For Immediate Release: August 22, 2008
Contact: John Hartrick(
Phone: 607-777-6800

2008 Women's Soccer Season Preview
First-year head coach McClellan ushers in new era, attitude

There is a fresh air of optimism surrounding the women's soccer team as the Bearcats enter the 2008 season. First-year head coach Sarah McClellan has installed a philosophy that has its roots in teaching with a more cerebral approach, and her young Bearcats (nine newcomers, 12 underclassmen) are embracing that concept as they look to reverse three years of declining win totals following the program's conference title and NCAA berth in 2004.

"We are emphasizing the process of preparing for each game," the former University of Maryland standout said. "We want our players to think at a higher level, make good decisions on the field and sustain a mental focus throughout an entire game. We are teaching the players to create their own success, and they are buying into our system."

Whether that success is tangible in 2008 will depend on the rate of development of BU's newcomers and the increased production of five starters who helped the '07 squad shrug off a disappointing season by advancing to the America East semifinals. The team's strength lies in its central midfield, where America East all-conference player Amanda Casares roams. A cohesive back line with two returning starters will also be a backbone for the 2008 team.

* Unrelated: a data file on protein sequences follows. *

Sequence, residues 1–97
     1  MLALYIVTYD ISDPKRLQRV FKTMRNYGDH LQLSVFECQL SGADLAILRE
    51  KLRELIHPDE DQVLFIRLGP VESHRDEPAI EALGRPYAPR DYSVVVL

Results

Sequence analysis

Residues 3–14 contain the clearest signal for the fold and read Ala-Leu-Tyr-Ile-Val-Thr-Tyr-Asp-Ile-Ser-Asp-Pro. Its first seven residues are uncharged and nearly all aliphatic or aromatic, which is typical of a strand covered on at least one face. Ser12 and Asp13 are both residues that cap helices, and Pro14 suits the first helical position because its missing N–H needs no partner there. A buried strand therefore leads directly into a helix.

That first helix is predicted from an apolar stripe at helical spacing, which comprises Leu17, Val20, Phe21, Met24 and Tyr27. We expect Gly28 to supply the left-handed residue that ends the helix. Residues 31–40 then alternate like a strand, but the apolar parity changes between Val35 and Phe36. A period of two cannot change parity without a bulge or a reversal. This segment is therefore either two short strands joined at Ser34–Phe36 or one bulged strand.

Returning starters Nicole Montoya and Stefani Knopick line up in the middle and left slots, respectively. The junior Montoya, a tri-captain, has battled back from an injury and when healthy, is one of the most tactical players on the field. Knopick started all 19 games as a freshman, and earned America East All-Rookie laurels.

"Nicole is a soccer-smart player, and we rely on her to organize and be a calming presence in the back," McClellan said.

Knopick has speed and can push forward at wing midfield as well. "Stef is a very fit and versatile athlete," McClellan said. "We will need her to continue to develop and play up to her potential."

Looking to lock in starting roles are newcomers Dani Raske and Jennifer Abbate. Raske, a sophomore, red-shirted last fall with an injury, and has quickly emerged as a confident, dynamic defender. Abbate enters her first collegiate season but brings an excellent soccer background from Northport High on Long Island.

"When Dani is 100%, she is a force to be reckoned with," McClellan said of Raske. "She is strong and aggressive and hates to lose."

Adding to the unit will be much-improved junior Erica Goldberg and talented freshman and local recruit Taylor Kucharski, who led her Maine-Endwell High team to four sectional titles and two state runnerup finishes.

"Our back line holds good shape and the group is very hard to break down because they work so well together," McClellan said. "Our backs are also capable of making attacking runs, which is critical in our team attack."